make a pass in glass?
We’ll, er, pass thanks. Why is it that ‘intimate’ uses for tech are always such a turn-off? T3’s resident Doctor Sex looks into it
Perhaps it’s just me getting older, but I increasingly struggle to understand exciting new techy ideas, and the recent app Sex with Google Glass joins the growing list of “innovations” that have me in a state of complete confusion.
Created at a “London hackathon”, I initially presumed SwiGG, as I am going to call it, was a sort of Lawnmower Mantype device, whereby you and your partner, being apart due to you being away on business, or in prison, would each don Google’s info-specs. You would then pretend to have sex, humping the air like one of Justin Bieber’s backing dancers, or Hugh Grant on heat, perhaps mumbling, “Do you take it up the Glass?” while trying to keep a straight face.
The screen on these miracle bifocals would, meanwhile, show your partner similarly pretending to get down to it, with advanced software making it appear that they were actually there in the room. After thinking about it for a while, I decided this would be preposterous. As the screen on Glass is rather at the periphery of your vision, it would be like having sex with someone who you could only see out of the corner of your eye, by squinting.
I quickly realised that this Lawnmower Man idea I’d essentially made up in my head was ridiculous, I must have got the wrong end of the stick completely. But imagine my surprise when I read an article about SwiGG properly and realised it was, in fact, something even more creepy and mad.
This is how it actually works: you and your partner don Glass while in the same room, and say – I’m not making this up – “Okay Glass, it’s time.” You then perform congress in your favoured manner. While filming each other. And seeing your partner’s point of view on Glass’s screen. In real time.
Now, I consider myself a pretty openminded kind of chap, but one thing I am pretty sure I don’t want while making love is to have a small, grainy, looming close-up of my face, chest or John Thomas, coming at me from the periphery of my vision while trying to maintain a steady rhythm and ensure my partner is still awake.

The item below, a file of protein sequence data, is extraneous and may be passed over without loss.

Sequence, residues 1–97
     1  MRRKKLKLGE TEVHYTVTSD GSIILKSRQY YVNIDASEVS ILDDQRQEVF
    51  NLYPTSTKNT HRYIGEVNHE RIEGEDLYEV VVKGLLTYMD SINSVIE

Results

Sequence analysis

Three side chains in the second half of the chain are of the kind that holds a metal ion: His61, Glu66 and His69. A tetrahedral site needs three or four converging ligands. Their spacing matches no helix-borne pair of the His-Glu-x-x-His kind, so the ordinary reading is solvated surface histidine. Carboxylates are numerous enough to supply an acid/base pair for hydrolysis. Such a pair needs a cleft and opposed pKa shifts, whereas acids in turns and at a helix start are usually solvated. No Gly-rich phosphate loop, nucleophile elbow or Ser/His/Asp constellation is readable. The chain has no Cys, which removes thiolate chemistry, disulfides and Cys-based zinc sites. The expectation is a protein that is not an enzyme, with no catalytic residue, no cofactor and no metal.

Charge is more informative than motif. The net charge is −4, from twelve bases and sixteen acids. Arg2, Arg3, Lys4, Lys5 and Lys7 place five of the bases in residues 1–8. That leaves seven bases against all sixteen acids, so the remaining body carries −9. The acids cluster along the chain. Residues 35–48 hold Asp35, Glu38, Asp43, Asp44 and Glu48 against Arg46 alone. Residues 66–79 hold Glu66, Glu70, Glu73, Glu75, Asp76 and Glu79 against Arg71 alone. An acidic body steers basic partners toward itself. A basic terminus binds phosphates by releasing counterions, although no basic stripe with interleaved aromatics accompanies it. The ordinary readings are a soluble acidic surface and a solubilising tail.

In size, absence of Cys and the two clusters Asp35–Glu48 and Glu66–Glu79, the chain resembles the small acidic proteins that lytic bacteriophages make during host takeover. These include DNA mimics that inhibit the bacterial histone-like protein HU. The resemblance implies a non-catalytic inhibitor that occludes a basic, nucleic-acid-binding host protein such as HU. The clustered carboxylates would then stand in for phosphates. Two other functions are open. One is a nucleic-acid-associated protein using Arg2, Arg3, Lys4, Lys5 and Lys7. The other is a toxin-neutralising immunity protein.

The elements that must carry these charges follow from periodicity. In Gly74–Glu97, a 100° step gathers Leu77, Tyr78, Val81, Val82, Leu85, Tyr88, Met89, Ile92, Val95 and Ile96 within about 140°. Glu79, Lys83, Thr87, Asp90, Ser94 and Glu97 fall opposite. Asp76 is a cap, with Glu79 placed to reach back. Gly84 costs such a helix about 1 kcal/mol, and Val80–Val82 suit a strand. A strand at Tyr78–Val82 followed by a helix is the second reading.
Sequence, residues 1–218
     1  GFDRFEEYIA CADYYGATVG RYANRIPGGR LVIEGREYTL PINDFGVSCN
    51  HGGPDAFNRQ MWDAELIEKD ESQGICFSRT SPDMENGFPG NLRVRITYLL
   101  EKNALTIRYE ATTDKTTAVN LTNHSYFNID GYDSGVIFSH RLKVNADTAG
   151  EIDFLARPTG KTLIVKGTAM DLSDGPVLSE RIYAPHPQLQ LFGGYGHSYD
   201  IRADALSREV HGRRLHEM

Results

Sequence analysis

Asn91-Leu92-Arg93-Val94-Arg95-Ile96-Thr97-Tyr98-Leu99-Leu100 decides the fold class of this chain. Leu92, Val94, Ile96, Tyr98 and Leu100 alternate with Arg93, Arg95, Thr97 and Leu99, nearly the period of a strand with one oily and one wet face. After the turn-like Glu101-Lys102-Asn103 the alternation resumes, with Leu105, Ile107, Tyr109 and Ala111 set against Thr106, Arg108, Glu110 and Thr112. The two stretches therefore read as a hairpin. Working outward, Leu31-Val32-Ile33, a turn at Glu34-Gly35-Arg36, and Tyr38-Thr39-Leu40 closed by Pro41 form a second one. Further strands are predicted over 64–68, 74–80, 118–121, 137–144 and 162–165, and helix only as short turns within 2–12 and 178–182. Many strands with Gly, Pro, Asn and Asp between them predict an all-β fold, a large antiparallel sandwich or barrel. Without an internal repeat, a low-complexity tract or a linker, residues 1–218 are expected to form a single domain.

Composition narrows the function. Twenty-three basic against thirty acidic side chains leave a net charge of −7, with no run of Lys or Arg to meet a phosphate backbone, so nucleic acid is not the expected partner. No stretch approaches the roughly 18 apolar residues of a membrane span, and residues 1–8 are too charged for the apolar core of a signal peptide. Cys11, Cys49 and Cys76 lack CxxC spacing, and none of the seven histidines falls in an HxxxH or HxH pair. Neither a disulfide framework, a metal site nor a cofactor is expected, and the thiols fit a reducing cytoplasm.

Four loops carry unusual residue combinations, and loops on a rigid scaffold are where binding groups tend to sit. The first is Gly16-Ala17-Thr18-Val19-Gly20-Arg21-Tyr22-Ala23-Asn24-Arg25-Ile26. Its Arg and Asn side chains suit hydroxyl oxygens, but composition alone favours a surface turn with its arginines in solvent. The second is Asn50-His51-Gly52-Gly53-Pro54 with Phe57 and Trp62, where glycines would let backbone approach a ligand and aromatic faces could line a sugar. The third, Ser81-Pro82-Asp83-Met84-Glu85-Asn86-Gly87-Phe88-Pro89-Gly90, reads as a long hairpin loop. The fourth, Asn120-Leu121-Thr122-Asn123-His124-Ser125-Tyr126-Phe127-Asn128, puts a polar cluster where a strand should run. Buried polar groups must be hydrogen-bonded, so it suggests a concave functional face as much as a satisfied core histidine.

I then read on and discovered that when you are finished, you’re supposed to say, “Okay Glass, pull out.” At this point, I had to throw up and then go and vigorously scrub myself with pummice in the shower – something that usually applies to my partners after sex, by a strange coincidence.
It’s not as if SwiGG is the first instance of tech meeting sex and spawning a monster. From Leisure Suit Larry to 3D porn and those websites where you watch a stranger knock one out while you type encouragement – er, a friend told me about them – this is an area with a long history of shameful wrongness.
Now I can’t say for sure why it is that the tech/sex interface is always quite so repugnant, but I have arrived at a theory, and it is this: hardcore techies, of the type who code apps and go to “hackathons”, never actually have sex. They have no idea what it involves, at least not with a person.
That’s why, in their delight at the cleverness of their conceptualising and coding, SwiGG’s inventors missed the obvious flaw in their app: if you wear Google Glass, no way are you getting laid.